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The News: Mosby’s Murky Campaign Finances, City Council Members bring Digital Redlining Issue to FCC, Baltimore Sun Deal Far from Done

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This week’s Baltimore news includes: Local restauranteurs go the extra mile(s), Gwynns Falls community checks Checkers, Scott asks for input on violence reduction, and more reporting from Baltimore Magazine, Maryland Matters, Baltimore Fishbowl, and other local and independent news sources.

 

 

Marilyn Mosby refuses to say if campaign funds were used to send threatening letter to former prosecutor
by Mark Reutter
Published March 17 in Baltimore Brew

Excerpt: Maryland law prohibits officeholders from using their campaign funds to pay for personal legal expenses, but The Brew has found a second instance where Baltimore State’s Attorney Marilyn J. Mosby apparently did just that.

Mosby’s campaign committee confirmed last month a Brew report that it had paid $3,250 to two attorneys to represent her in an inspector general’s investigation of her travel and business activities.

The committee said on Facebook that Mosby had paid the lawyers with campaign funds because she thought “erroneous media reporting” was a “threat to her electoral viability” (her term lasts until January 2023).

The statement also said that Mosby had “ceased using campaign funds” for legal costs. But the fees paid to the two attorneys have not yet been returned to the campaign committee, according to State Elections Board records.

A review of prior reports revealed that her committee, Friends of Marilyn Mosby, paid $11,014.80 to the Washington law firm of Kellogg, Hansen, Todd, Figel & Frederick in December 2018.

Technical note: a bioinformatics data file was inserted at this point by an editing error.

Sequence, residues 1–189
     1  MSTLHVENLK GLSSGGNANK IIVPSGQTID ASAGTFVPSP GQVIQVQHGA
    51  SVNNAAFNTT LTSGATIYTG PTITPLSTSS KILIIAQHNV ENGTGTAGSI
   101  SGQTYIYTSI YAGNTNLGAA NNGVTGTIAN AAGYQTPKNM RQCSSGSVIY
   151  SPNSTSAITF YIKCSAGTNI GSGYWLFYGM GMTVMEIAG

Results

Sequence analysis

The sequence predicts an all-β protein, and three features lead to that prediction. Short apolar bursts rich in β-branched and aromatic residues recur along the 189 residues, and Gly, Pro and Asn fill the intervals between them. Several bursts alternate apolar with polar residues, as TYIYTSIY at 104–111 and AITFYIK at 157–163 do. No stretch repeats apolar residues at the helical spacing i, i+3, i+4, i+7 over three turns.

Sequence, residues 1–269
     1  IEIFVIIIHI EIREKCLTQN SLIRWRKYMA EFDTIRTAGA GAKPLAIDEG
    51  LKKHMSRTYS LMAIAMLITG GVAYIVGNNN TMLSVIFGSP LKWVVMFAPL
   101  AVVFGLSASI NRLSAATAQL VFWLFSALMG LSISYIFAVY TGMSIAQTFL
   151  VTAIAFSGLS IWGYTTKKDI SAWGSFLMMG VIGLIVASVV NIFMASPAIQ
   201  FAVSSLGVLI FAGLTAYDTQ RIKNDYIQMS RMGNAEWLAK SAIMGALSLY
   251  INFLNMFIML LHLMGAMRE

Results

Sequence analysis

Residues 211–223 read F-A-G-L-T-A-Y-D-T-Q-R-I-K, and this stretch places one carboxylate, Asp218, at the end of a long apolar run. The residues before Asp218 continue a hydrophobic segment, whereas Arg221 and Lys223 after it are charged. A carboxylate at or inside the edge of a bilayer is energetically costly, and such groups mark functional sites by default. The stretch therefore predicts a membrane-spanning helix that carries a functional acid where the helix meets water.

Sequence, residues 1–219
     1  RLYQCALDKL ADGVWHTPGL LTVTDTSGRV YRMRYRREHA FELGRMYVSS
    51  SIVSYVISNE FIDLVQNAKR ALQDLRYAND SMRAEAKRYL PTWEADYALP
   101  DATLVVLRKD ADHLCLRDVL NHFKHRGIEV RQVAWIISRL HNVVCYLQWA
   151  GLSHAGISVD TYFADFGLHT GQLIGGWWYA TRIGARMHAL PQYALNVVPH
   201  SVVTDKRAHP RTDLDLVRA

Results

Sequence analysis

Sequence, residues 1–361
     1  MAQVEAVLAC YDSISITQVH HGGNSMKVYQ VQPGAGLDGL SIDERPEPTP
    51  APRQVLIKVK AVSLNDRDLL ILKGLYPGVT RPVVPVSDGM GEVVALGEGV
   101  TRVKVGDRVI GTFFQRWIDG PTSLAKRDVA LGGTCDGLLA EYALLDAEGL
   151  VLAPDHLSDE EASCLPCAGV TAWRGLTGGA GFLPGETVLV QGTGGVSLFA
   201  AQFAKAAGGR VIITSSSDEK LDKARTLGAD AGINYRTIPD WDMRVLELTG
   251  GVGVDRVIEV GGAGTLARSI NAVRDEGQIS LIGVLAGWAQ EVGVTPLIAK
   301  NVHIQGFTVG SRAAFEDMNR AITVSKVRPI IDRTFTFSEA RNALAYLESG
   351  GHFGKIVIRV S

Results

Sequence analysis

Yes, She Did: How Brittany Young Is Using Dirt Bikes to Transform Baltimore
by Nylah Burton
Published March 15 in shondaland

Excerpt: After long, harsh winters, we all long for the signs of spring — the budding flowers and sunshine, bumblebees and butterflies, frogs and soft rain showers. But in Baltimore, they also look out for the smell of gas and the sound of revving dirt bikes.

For Brittany Young, a former NASA engineer and founder of B-360 — an initiative that introduces Baltimore kids to the STEM field through dirt bikes — both the sport and science have long been part of her life. To her, and many Baltimore residents, dirt bikes represent joy, freedom, and culture. Science has been her passion since she was six years-old. And now, she’s teaching her students how to combine the two, creating a fun and exciting experience that also challenges them.

“I used to go to the park in the summer with my family to watch the dirt bike riders, and then I’d watch Bill Nye the Science Guy,” the West Baltimore native says. “I’m not a rider. But I’m an enthusiast.”

 

 

Baltimore City Councilmembers send letter calling for FCC commission on ‘digital redlining’
by Donte Kirby
Published March 16 in Technical.ly Baltimore

Excerpt: Baltimore City Councilmembers Zeke Cohen, Kris Burnett and Ryan Dorsey wrote a letter this week calling on the Federal Communications Commission (FCC) to set up a commission to investigate “digital redlining.”

The letter signed by 106 officials across the country asks the FCC to use its title II authority, which distinguishes Internet Service Providers as “common carriers” — a step below a utility but a step above in terms of ability to regulate a title I “information service” — to regulate ISPs and to state clear rules that prevent “blocking, throttling and paid prioritization.” They also want the FCC to use its power to safeguard against data caps by broadband providers, which the letter describes as akin to “a regressive tax that impacts poor communities and cities like Baltimore—primarily communities of color the most.”